India Knowledge at Wharton: Google has been often been recognized as a good place to work, but the company has recently faced complaints from employees about comparatively low pay and the cutting of some benefits. How has the company responded to this?
Anandan: Globally, in every market, Google has been nominated as the best employer. In India, too, we have been voted as the best employer in the country for the second time in a row in a survey conducted by The Economic Times and the Great Place to Work Institute. I believe we are the only company to have done so. This award is based on employee votes, so it says a lot for us. At Google we hire the best, empower them at incredible levels and keep them motivated…
India Knowledge at Wharton: The Internet has innovation cycles that tend to be shorter than that of other industries. How does Google keep itself fresh?
Anandan: The Internet … has very rapid cycles of innovation. One has to constantly seed and drive this business. Android has crossed 50% market share in the smartphone category…. In video, YouTube is the largest video network by far in the world. We will continue to seed innovation.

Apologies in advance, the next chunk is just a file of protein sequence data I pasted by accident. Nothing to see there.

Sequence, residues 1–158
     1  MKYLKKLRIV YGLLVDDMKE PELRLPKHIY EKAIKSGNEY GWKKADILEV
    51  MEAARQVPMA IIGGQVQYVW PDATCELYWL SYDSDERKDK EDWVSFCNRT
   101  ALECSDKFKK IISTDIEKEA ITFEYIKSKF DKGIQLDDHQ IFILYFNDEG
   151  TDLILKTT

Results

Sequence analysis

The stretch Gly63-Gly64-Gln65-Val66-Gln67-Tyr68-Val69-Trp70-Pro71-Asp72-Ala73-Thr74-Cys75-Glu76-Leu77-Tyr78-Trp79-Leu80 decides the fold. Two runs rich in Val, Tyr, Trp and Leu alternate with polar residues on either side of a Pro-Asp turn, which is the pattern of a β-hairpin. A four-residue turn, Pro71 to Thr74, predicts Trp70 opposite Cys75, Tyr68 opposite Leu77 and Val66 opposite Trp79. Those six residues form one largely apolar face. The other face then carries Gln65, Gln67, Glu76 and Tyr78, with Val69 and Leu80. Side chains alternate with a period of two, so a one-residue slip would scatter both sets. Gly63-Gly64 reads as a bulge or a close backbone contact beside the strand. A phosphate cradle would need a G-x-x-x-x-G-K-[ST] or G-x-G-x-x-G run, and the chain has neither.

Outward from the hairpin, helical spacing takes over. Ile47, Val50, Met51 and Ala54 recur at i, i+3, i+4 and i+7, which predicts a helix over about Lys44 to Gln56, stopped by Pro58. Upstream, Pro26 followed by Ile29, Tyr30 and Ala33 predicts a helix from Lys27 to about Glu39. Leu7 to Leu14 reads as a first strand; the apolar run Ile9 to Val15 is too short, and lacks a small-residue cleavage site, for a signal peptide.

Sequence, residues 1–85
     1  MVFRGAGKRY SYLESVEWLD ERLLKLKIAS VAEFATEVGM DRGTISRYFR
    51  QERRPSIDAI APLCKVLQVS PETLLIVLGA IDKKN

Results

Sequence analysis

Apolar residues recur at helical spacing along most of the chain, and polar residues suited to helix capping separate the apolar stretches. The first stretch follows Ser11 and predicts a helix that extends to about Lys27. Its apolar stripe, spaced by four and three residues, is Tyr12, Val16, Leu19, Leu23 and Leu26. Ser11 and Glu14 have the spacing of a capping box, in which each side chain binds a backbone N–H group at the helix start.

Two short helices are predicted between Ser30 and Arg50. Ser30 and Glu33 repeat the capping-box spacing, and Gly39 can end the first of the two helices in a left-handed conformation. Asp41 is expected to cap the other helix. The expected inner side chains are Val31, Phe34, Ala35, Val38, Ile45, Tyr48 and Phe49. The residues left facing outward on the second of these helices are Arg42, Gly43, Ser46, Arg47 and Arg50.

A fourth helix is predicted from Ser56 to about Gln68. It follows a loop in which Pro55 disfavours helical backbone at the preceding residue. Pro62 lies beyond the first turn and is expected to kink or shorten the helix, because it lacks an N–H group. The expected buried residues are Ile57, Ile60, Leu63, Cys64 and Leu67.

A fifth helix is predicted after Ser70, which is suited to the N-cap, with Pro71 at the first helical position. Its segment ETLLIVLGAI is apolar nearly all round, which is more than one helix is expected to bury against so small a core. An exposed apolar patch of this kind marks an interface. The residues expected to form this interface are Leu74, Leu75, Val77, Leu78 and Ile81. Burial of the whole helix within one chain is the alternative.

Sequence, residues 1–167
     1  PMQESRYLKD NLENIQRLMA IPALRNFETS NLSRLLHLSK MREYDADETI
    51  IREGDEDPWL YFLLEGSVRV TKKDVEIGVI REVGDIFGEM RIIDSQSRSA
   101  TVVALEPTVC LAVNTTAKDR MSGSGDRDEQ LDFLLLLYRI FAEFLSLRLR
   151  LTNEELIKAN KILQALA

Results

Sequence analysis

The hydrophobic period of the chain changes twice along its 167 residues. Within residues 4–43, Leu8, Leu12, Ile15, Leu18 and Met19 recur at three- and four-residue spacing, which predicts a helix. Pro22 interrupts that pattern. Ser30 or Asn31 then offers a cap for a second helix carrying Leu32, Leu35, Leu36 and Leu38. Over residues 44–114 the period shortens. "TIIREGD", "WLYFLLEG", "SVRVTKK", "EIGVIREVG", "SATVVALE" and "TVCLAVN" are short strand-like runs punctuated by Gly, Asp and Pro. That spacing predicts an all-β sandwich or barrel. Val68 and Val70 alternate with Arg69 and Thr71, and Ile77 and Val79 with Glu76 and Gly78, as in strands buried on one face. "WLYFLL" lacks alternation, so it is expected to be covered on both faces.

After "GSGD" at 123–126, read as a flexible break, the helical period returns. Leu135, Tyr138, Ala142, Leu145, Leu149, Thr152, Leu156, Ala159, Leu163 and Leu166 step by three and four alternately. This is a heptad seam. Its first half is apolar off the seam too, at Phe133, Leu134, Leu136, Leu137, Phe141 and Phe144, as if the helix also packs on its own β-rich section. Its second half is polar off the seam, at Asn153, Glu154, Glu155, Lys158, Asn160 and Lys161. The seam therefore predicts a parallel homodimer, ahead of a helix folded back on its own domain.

India Knowledge at Wharton: What is Google’s take on providing privacy for its users?
Anandan: At Google we take privacy very seriously. In fact, I would say that we are obsessed with it. Among all companies in the world, we do more for privacy-related issues. For most of our products, the user is in control. We don’t control the flow of information; the user does. We have even introduced the Google Dashboard, a service that provides an online summary of a user’s Google files — Gmail, Google Docs, Picasa photos and so on — by collecting pre-existing privacy controls in one place. Dashboard users can review and delete recent Google searches, see recently opened and shared documents and survey their interactions with other Google-powered sites such as YouTube.
India Knowledge at Wharton: How do you see tomorrow’s Google?
Anandan: The company is all about innovation, so tomorrow’s Google will offer more products, innovation and value. We will offer more magic.